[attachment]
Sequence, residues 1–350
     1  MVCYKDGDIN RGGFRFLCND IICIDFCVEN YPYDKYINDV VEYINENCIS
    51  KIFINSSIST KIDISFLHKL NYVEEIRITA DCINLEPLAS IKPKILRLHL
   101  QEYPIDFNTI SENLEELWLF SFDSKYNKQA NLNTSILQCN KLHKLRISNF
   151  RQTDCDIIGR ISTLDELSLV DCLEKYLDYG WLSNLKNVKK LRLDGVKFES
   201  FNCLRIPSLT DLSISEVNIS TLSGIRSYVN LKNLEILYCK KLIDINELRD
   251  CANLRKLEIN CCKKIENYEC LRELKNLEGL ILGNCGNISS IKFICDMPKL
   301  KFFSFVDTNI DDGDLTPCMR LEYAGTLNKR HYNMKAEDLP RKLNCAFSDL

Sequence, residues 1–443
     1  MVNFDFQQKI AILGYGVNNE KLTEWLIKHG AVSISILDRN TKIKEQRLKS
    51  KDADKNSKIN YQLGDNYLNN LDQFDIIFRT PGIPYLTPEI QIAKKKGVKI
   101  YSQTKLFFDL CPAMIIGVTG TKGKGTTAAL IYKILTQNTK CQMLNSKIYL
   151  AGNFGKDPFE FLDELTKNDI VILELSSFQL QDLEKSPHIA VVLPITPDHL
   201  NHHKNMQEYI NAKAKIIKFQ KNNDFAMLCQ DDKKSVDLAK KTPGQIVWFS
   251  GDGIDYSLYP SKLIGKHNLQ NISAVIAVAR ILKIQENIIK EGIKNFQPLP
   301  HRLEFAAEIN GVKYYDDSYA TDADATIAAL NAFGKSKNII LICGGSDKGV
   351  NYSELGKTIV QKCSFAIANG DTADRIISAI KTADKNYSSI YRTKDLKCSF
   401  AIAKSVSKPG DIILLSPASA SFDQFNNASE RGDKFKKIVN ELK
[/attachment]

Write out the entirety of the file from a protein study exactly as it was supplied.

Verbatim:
Sequence, residues 1–350
     1  MVCYKDGDIN RGGFRFLCND IICIDFCVEN YPYDKYINDV VEYINENCIS
    51  KIFINSSIST KIDISFLHKL NYVEEIRITA DCINLEPLAS IKPKILRLHL
   101  QEYPIDFNTI SENLEELWLF SFDSKYNKQA NLNTSILQCN KLHKLRISNF
   151  RQTDCDIIGR ISTLDELSLV DCLEKYLDYG WLSNLKNVKK LRLDGVKFES
   201  FNCLRIPSLT DLSISEVNIS TLSGIRSYVN LKNLEILYCK KLIDINELRD
   251  CANLRKLEIN CCKKIENYEC LRELKNLEGL ILGNCGNISS IKFICDMPKL
   301  KFFSFVDTNI DDGDLTPCMR LEYAGTLNKR HYNMKAEDLP RKLNCAFSDL

Sequence, residues 1–443
     1  MVNFDFQQKI AILGYGVNNE KLTEWLIKHG AVSISILDRN TKIKEQRLKS
    51  KDADKNSKIN YQLGDNYLNN LDQFDIIFRT PGIPYLTPEI QIAKKKGVKI
   101  YSQTKLFFDL CPAMIIGVTG TKGKGTTAAL IYKILTQNTK CQMLNSKIYL
   151  AGNFGKDPFE FLDELTKNDI VILELSSFQL QDLEKSPHIA VVLPITPDHL
   201  NHHKNMQEYI NAKAKIIKFQ KNNDFAMLCQ DDKKSVDLAK KTPGQIVWFS
   251  GDGIDYSLYP SKLIGKHNLQ NISAVIAVAR ILKIQENIIK EGIKNFQPLP
   301  HRLEFAAEIN GVKYYDDSYA TDADATIAAL NAFGKSKNII LICGGSDKGV
   351  NYSELGKTIV QKCSFAIANG DTADRIISAI KTADKNYSSI YRTKDLKCSF
   401  AIAKSVSKPG DIILLSPASA SFDQFNNASE RGDKFKKIVN ELK